Former Legislative Council president Jasper Tsang has said he cannot see “mutual support and respect” in the transition of power between Leung Chun-ying and new leader Carrie Lam.
Tsang, who is now teaching politics part-time at the Chinese University of Hong Kong, wrote in his AM730 newspaper column on Monday that Hong Kong is not a one-party state, but it also does not have multiple parties holding office in rotation.
“Whether a new administration emphasises making changes or keeping society unchanged, being innovative or continuing past governance, it depends on the performance of the last administration and the relationship between the new chief executive and the last administration,” he wrote.
He compared Lam’s transition with the one in 2005, when Tung Chee-hwa resigned as leader and Donald Tsang took the job.
“It can be said to be a very friendly and harmonious transition; Tsang was the second-in-command in Tung’s administration, regardless of any actual conflicts between the two when they worked together, their relationship in public was very good,” he wrote.
“Tung fully affirmed Tsang, Tsang totally respected Tung,” he added. He said that Donald Tsang did not distance himself from Tung despite criticism, and Tsang retained all of Tung’s cabinet for the first term and some in the second term.
“Tung may not have wanted to leave the job as chief executive, but he was sincere in asking people around him to support Tsang,” Jasper Tsang wrote. “After Tung become a state leader, he never tried to intervene in Tsang’s governance.”
Jasper Tsang said the transition from Donald Tsang to Leung Chun-ying in 2012 was not harmonious because of “reasons we all know.”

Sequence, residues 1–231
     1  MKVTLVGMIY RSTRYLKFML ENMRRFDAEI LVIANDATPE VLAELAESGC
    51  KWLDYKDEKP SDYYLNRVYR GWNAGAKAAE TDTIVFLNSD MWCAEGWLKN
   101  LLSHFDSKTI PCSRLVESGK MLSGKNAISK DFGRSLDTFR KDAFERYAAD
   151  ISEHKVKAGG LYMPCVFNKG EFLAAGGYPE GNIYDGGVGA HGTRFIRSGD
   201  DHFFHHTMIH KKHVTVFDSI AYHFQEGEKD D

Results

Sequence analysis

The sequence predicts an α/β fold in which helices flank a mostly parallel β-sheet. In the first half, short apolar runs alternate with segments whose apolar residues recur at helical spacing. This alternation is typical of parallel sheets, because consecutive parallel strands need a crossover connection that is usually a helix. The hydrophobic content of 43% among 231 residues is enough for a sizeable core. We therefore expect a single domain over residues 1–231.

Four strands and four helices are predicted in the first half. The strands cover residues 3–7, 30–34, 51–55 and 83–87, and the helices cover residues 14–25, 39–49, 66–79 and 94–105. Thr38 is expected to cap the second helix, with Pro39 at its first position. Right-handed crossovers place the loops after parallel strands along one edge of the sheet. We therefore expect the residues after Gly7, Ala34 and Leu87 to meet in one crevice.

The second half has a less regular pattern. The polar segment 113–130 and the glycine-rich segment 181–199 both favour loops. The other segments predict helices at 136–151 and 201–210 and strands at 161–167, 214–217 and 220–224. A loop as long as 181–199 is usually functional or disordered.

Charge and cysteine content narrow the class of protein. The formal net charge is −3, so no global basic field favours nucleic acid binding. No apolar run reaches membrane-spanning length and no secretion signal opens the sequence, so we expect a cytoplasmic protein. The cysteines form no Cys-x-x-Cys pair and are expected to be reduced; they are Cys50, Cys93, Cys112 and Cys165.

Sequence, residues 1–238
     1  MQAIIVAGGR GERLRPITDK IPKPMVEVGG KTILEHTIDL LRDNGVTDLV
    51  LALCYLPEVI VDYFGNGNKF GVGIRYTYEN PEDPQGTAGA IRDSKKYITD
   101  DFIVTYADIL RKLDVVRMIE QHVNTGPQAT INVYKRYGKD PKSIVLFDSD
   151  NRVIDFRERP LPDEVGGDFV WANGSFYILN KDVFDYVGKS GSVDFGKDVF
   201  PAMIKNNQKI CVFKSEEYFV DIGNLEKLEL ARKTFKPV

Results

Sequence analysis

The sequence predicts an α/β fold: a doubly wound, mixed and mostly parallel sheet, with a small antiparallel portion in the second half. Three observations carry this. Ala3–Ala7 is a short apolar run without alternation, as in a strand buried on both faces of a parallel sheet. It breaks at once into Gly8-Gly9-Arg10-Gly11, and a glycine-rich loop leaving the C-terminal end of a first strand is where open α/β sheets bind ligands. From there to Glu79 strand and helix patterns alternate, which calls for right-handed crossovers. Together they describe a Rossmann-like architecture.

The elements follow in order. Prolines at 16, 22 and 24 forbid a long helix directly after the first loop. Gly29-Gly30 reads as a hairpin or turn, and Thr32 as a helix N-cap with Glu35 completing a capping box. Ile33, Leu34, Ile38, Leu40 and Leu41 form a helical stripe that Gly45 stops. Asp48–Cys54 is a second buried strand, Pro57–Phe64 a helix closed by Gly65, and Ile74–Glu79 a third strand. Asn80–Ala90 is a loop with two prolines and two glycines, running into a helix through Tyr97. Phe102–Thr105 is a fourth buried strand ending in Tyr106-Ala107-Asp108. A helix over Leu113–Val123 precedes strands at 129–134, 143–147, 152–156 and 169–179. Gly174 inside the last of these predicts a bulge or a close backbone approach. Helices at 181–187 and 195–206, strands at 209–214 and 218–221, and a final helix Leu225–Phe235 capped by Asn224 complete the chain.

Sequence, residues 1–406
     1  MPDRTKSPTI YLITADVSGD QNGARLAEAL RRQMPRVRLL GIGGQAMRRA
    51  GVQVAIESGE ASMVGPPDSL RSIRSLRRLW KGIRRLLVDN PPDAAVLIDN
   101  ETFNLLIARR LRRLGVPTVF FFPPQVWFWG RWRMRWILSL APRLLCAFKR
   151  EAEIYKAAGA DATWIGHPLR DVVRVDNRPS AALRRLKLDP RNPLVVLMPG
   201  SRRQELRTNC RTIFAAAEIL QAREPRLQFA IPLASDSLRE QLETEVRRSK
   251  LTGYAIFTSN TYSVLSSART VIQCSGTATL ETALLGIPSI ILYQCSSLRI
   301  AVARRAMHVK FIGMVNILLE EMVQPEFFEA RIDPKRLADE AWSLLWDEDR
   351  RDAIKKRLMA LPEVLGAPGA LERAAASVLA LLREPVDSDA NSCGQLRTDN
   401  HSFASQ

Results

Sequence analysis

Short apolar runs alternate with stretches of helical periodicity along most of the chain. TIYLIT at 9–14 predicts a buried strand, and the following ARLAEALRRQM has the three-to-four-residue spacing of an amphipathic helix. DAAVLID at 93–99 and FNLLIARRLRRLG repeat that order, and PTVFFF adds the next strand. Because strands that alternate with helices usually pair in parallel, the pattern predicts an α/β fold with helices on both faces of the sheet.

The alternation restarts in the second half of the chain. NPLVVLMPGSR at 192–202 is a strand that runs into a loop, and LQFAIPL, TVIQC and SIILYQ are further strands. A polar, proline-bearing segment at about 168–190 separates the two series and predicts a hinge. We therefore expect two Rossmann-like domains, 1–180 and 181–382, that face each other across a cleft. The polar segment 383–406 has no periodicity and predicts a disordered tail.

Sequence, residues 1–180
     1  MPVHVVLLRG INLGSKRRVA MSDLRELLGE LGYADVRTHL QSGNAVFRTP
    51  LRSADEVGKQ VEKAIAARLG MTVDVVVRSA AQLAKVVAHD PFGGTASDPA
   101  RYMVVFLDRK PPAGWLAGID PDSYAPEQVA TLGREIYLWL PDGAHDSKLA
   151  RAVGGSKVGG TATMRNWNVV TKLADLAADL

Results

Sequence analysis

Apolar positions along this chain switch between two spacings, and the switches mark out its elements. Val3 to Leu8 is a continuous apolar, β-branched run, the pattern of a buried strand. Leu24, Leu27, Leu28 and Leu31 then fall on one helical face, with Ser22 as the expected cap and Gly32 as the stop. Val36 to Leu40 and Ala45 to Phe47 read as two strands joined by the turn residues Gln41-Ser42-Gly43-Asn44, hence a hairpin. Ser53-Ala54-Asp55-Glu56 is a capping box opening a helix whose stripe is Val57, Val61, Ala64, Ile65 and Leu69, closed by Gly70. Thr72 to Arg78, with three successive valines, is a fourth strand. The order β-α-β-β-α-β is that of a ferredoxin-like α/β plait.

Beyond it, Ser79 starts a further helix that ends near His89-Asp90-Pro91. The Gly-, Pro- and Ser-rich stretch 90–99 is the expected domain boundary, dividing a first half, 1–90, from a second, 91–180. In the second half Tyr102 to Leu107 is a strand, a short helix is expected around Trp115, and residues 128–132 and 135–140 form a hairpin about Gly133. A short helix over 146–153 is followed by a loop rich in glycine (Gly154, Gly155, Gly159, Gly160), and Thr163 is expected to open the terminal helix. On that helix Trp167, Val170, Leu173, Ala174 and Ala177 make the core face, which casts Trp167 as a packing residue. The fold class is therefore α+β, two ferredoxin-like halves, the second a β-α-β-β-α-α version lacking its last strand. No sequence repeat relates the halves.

Leung beat fellow candidate Henry Tang – then the chief secretary – in the 2012 race, following scandals exposed by the media. Tang was thought to be chosen winner until a month before the vote, when Beijing showed signs of giving its support to Leung. Leung ultimately won 689 votes out of 1,200, barely enough to win.
Carrie Lam was also the chief secretary under Leung Chun-ying. Like Tung before him, Leung also became a vice-chairman of the Chinese People’s Political Consultative Conference.
Jasper Tsang said that, based on their past working relationship and the change in roles, the transition between Lam and Leung should be more similar to the one between Tung and Donald Tsang.
“However, observing the actions [of Leung and Lam] in the past few days, it seems that they do not have the mutual support and respect that Tung and Tsang had,” he wrote.
Just a day after assuming office as chief executive, Lam vowed to halt an unpopular policy pushed out in the final days of Leung Chun-ying’s administration.
Lam also said she will ask the Education Bureau to review the controversial BCA tests for primary school level-three students, which Leung refused to do during his term.